Live Review: Here We Go Magic And The Dig At Bootleg Theater


On Wednesday night, Los Angeles’ Bootleg Theater moved its event from the main room/bar to its grand theater room, which is usually meant for plays. In the larger space, complete with seating, Here We Go Magic and The Dig were able to spread out during their sets, while the crowd fed off each band’s energy.

Though they were the supporting act, The Dig has been currently blazing a trail through the United States on its inaugural headlining tour. This newfound confidence was evident in the band’s set. The New York-based quartet breezed through its repertoire, focusing on selections from its most recent release, Midnight Flowers. Guitarist/vocalist David Baldwin and bassist/vocalist Emile Mosseri took turns acting as the front man, seamlessly switching spots, instruments, and vocal leads depending on the song. Neither of the musician’s tried to outdo one another, instead they acted as a family, with Baldwin even helping Mosseri with a faulty guitar strap during one of their last songs.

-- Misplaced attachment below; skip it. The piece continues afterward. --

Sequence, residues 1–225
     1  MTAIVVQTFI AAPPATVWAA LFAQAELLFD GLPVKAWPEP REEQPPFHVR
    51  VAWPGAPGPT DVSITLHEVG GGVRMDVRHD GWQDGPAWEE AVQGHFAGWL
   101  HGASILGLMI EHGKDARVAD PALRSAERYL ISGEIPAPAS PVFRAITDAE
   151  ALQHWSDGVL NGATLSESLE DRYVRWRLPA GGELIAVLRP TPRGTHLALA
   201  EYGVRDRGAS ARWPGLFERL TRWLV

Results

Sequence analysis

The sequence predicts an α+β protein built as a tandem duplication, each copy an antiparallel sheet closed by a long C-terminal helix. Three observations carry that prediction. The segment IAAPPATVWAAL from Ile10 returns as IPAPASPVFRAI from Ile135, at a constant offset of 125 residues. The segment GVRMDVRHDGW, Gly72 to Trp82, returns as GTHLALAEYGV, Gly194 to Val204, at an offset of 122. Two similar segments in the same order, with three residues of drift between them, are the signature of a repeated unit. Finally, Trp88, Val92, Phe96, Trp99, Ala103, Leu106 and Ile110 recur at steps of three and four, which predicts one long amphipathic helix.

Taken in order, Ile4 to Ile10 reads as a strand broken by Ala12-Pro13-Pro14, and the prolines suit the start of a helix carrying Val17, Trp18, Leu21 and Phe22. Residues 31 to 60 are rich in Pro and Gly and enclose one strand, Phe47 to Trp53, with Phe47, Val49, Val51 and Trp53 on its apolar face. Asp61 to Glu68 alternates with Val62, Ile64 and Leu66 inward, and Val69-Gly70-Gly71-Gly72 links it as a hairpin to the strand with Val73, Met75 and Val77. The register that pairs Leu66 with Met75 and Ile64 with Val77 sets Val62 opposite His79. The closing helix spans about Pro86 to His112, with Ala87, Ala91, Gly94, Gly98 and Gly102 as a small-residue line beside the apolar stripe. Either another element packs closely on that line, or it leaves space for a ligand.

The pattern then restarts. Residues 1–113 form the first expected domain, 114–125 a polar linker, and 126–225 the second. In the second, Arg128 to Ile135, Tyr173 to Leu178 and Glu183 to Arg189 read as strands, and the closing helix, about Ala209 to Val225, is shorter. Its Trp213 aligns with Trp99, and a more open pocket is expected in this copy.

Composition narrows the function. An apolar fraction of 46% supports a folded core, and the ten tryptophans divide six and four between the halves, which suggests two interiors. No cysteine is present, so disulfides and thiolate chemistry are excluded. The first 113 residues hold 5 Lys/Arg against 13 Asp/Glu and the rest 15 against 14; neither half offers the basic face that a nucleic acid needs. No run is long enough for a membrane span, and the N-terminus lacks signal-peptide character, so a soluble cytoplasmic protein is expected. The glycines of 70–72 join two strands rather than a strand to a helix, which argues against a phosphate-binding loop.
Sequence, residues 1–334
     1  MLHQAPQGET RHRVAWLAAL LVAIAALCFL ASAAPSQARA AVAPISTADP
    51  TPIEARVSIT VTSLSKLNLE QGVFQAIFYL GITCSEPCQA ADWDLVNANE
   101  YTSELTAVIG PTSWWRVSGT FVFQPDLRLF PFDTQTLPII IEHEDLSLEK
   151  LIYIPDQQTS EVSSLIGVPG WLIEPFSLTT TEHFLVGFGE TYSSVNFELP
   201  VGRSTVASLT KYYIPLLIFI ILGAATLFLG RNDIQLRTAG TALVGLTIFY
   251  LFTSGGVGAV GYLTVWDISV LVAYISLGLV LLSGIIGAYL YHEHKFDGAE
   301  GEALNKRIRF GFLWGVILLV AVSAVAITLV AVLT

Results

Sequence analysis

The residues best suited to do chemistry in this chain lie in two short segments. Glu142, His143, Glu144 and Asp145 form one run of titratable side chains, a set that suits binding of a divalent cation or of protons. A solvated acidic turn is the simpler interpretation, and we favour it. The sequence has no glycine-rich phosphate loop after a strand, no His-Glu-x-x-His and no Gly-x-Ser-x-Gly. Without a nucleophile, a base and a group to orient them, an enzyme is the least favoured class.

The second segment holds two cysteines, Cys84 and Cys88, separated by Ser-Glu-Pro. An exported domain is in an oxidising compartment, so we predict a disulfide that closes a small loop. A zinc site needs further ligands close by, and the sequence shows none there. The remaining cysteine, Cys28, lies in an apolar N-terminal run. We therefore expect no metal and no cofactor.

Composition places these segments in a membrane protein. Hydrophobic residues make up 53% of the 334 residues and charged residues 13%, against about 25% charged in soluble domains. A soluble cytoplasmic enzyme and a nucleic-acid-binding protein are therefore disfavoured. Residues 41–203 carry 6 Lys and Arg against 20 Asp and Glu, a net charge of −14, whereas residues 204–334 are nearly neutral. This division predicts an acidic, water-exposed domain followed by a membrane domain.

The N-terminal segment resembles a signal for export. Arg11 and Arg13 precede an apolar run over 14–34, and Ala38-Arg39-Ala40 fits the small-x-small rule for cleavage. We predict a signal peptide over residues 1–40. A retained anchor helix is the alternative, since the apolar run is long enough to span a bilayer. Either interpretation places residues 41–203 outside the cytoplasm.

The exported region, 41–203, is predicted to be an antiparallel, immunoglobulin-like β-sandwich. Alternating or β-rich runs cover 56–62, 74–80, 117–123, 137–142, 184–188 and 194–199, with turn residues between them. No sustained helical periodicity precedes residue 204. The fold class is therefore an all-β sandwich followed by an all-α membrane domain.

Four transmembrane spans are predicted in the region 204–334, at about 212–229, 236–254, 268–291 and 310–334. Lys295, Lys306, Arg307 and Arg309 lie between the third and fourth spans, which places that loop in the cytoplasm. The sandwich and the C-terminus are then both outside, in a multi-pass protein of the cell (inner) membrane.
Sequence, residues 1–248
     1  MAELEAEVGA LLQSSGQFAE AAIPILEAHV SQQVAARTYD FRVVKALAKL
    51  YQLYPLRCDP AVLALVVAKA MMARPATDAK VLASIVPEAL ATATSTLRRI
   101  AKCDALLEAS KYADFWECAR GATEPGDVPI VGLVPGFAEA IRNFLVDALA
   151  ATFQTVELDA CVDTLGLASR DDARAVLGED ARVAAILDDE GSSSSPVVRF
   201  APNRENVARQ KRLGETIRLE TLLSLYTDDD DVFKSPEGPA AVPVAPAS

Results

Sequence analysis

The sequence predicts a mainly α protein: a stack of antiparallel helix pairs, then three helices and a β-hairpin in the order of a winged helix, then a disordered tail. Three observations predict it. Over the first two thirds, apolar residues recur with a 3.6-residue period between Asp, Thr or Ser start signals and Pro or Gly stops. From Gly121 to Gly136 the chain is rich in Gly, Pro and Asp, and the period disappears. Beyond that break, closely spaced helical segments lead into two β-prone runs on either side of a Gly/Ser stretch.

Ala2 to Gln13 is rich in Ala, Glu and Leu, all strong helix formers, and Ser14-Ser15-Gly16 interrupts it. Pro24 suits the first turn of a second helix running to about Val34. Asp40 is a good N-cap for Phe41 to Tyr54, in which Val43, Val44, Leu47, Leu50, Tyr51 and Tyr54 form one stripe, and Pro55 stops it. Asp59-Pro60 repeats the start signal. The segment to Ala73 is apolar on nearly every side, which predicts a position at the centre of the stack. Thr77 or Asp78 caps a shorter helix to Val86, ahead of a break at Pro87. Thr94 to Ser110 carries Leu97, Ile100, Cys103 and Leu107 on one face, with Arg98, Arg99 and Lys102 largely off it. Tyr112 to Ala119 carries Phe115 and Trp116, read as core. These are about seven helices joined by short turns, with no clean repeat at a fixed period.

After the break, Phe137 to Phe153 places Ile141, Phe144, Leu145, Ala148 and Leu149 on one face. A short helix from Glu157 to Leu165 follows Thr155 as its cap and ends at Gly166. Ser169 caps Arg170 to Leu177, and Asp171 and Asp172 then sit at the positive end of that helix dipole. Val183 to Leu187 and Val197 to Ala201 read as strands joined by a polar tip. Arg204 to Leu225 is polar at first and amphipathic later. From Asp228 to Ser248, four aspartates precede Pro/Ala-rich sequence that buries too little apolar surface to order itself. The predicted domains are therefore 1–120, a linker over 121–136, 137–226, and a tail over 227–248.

The four-piece was passionate and charismatic as each member moved across the stage, and this energy emanated into the audience. Though most of the night’s attendees were probably there to see Here We Go Magic, they responded well to The Dig’s straightforward brand of New York indie rock and swayed with the beat. By the time the four-piece played its last song, and single, “Black Water,” it had the crowd’s full attention. All eyes were on the band as Baldwin belted out his lyrics, schizophrenically stumbling across the stage while he strategically picked his guitar strings. When the rockers said goodnight and hopped off the stage, swarms of fans, new and old, surrounded them on the floor, congratulating them on a wonderful performance.


With the audience hyped, Here We Go Magic hit the stage, beginning its set with the slow burning “Make Up Your Mind.” Immediately the vibe in the room began to shift.  Though recorded the Brooklyn trio (four-piece live) produces upbeat, dance-inducing indie pop tracks, in a live setting, the mood is much more ambient. Led by guitarist/keyboardist/vocalist Luke Temple, the quartet acted more as a jam band onstage, extending the studio versions of its songs and concentrating deeply on each individual instrument.

Though each song was executed meticulously, the crowd fed off the band’s solemnness, and the energy garnered from The Dig’s set quickly drifted away, leaving in its place a crowd full of zoned out, zombie-like bystanders.

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